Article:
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Evolution, Me & Other Freaks of Nature by…
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Evolution, Me & Other Freaks of Nature

by Robin Brande

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Showing 1-5 of 41 (next | show all)
so many issues so well told ( )
  lindap69 | Apr 5, 2013 |
(a) not everything needs to have a romance in it. Why couldn't they be friends and have that be the end of it? Mena would still have enough Issues with her parents for socializing with a Boy without being all gaga over him.

(b) This was written in 2007. There's a bit talking about how great someone is at web design because he used a bunch of blinking images. AAAAAHHHH 1995 called and they want their websites back.

It's an interesting premise but it didn't light my world on fire--the Bible-thumpers are cartoonishly one-dimensional and Team Science is all scornful of organized religion (up until the Big Reveal that wasn't all that shocking, anyway). Obviously I finished the book anyway (it reads quickly) but it didn't really light my world on fire; a year from now I'll probably have forgotten I read this. ( )
  librarybrandy | Mar 30, 2013 |
I enjoyed most of the book - probably about 4/5 of it. But the ending? It is not the right one. When members of Mena's church treat a young man in a horrible manner because he may be gay thereby causing him to attempt suicide, Mena actually feels enough compassion to send him a letter of apology. She realizes it is a little too little, a little too late, but she is only 13 and it is the best she can do. As a result of the letter that she wrote, members of her church are sued and her parents business may be affected. She is severely punished by her parents. All her actions are restricted, she is ostracized by her old church friends, and her parents don't even talk to her. {Seriously? What kind of parents don't talk to their daughter, especially a daughter just entering high school. High school is a time with daughters REALLY need their parents!} So anyway, she has the best science teacher and the best lab partner ever and she learns some stuff about the evolution and herself. Her old church friends give the school and her teacher a hard time about teaching evolution without giving intelligent design equal time. Her teacher, who is a famous science blogger, sticks her ground and will only teach the science. Wouldn't you think at the end of the book, some of the church friends would start "seeing the light" and that reason would prevail and her parent would see what kind of idiots they are? Nope, that does not happen. Her parent never tell Mena they are proud of her for trying to do the right thing. They never tell her they are sorry for not talking to her. Her old church friends only get worse. And the book ends with the author trying to explain who knows what? I'm not really sure what she was getting at. I loved the Connors though - they rocked - Kasey, Kayla, and their mom. {And their dad and puppies too.} ( )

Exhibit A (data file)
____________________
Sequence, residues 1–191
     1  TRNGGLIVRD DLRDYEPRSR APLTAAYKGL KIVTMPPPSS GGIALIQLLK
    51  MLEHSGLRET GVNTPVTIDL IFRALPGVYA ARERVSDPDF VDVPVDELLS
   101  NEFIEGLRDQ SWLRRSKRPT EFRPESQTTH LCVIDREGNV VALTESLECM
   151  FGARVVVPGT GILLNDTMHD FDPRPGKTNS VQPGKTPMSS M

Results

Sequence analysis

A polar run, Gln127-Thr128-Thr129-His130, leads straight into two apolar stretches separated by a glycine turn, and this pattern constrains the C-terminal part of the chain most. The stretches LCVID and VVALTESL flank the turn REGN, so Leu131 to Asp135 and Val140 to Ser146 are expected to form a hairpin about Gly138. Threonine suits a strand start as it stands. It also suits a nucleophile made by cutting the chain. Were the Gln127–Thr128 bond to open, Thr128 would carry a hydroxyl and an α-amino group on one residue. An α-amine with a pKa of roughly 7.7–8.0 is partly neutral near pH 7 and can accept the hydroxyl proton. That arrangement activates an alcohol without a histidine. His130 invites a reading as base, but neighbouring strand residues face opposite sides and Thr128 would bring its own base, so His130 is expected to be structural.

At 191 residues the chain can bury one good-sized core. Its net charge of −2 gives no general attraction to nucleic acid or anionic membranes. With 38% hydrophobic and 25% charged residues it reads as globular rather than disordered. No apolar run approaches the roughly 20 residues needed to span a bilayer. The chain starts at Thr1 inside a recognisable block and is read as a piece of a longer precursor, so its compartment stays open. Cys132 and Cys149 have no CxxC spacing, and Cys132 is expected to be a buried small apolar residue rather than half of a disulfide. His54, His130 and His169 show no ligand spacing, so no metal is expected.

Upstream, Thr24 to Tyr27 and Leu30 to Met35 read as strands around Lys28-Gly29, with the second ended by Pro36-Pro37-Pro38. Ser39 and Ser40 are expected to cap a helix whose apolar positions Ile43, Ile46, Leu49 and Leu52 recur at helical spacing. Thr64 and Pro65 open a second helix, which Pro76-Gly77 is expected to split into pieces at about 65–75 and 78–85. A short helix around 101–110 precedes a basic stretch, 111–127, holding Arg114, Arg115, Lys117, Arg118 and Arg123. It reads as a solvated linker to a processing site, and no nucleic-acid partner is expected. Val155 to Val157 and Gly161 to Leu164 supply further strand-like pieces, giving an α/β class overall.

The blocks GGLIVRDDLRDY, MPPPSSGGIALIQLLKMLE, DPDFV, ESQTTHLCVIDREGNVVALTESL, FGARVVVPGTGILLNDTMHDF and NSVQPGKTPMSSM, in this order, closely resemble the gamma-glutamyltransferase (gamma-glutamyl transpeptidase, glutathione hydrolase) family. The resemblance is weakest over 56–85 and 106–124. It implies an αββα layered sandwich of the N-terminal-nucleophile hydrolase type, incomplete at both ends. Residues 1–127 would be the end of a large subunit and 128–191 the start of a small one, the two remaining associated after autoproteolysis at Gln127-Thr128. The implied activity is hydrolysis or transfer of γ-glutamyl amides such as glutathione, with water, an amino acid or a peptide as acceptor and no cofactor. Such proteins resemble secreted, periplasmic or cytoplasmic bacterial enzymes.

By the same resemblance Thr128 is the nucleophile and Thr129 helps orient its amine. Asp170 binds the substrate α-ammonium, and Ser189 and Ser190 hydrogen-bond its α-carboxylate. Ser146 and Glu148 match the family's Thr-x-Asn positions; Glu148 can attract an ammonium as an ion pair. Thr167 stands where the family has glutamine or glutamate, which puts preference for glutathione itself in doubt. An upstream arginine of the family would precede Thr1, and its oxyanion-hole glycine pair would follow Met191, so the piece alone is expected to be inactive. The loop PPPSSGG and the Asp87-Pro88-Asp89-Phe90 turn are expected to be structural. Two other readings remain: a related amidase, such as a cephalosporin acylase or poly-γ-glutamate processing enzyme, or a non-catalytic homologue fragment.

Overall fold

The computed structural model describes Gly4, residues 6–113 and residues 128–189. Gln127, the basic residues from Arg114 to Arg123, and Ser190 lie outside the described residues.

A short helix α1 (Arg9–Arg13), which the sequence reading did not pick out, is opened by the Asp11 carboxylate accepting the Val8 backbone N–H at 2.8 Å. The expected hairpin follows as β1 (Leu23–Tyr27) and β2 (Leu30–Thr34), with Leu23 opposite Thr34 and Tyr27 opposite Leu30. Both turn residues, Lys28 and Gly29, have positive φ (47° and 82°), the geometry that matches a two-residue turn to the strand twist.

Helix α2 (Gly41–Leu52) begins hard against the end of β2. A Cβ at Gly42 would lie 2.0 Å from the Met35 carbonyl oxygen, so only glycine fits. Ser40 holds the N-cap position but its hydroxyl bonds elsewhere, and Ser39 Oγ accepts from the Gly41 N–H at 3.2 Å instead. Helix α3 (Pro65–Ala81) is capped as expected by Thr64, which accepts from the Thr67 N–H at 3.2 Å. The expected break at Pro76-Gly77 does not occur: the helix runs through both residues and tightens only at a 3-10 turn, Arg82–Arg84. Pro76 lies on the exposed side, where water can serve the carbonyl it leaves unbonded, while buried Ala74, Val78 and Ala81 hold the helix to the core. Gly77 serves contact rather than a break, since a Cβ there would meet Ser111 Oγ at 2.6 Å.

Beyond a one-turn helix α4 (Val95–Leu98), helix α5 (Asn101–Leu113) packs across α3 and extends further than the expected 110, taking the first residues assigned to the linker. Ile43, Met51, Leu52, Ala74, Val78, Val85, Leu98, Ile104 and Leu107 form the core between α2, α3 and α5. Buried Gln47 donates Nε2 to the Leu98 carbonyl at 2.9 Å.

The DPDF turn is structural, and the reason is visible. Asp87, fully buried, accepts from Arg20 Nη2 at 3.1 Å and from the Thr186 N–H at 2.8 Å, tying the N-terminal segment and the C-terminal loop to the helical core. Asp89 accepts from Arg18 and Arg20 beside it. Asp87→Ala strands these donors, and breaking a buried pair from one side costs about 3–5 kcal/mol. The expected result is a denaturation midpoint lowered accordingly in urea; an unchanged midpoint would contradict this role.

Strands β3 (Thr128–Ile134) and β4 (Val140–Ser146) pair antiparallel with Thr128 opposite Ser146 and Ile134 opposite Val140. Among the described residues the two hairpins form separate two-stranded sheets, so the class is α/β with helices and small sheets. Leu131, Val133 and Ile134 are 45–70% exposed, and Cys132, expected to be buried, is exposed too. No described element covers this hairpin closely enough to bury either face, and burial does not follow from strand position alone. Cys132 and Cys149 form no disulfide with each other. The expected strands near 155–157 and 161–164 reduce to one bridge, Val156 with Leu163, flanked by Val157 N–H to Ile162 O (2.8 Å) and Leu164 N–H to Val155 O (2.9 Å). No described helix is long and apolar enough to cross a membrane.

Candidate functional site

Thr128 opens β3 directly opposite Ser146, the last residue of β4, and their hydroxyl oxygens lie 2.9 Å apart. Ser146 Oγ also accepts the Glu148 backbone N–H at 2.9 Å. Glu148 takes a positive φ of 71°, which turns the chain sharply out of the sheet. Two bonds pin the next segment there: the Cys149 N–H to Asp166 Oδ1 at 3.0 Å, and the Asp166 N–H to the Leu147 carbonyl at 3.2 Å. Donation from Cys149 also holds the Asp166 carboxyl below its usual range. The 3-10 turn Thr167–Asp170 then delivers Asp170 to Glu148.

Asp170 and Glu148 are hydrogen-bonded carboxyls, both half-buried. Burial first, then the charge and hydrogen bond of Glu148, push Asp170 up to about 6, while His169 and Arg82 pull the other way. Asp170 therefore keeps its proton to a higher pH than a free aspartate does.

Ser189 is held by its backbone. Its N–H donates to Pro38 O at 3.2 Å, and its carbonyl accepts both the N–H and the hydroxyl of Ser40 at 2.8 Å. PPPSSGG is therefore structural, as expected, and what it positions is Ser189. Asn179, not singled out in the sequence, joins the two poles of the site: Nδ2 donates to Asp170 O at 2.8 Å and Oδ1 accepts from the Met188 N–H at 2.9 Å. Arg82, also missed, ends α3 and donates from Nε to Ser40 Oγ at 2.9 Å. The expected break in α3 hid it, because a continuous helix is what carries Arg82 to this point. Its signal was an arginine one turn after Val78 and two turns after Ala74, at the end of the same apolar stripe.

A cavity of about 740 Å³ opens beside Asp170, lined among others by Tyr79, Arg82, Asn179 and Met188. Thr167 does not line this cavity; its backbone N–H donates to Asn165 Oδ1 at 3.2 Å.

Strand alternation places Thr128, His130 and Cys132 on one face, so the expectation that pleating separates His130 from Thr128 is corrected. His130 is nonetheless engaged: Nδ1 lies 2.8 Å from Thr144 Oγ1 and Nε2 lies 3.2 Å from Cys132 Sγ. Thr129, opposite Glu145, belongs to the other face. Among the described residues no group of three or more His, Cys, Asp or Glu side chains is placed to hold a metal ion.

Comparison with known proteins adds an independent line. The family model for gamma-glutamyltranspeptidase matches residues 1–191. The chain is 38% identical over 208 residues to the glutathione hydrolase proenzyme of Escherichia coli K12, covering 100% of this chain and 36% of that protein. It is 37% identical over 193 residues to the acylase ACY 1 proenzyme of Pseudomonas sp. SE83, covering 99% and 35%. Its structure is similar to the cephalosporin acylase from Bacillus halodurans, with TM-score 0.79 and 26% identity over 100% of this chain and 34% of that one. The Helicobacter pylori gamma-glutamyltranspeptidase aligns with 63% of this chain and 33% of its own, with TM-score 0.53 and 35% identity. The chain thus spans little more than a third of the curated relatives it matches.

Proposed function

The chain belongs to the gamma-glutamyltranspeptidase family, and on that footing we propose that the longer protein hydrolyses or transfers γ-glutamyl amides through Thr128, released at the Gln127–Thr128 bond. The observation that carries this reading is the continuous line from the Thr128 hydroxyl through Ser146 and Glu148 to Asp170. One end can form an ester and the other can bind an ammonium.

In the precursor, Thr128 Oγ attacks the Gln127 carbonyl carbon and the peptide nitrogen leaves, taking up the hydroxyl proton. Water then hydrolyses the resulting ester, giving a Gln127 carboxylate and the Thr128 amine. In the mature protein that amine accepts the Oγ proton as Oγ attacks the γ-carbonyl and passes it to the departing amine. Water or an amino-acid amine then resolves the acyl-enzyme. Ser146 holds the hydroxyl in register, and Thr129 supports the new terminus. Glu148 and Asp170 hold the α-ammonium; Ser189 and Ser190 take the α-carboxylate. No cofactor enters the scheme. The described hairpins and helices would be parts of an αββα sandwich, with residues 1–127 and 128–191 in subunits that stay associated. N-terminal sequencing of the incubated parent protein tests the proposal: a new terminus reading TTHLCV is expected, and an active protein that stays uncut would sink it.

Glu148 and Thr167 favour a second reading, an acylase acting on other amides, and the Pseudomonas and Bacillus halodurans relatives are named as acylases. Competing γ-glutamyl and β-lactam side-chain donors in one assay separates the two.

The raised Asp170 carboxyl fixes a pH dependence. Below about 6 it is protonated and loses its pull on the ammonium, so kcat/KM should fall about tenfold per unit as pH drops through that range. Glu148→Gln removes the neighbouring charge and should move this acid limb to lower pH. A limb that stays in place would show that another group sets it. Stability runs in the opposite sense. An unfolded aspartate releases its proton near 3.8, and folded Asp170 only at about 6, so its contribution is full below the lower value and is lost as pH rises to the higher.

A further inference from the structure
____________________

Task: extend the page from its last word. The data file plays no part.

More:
spincerely | Apr 10, 2012 |
Mena Reece is a whistle blower. She exposed unsavoury goings on at her church and must now live with the repercussions as she starts high school, when life gets even more complicated.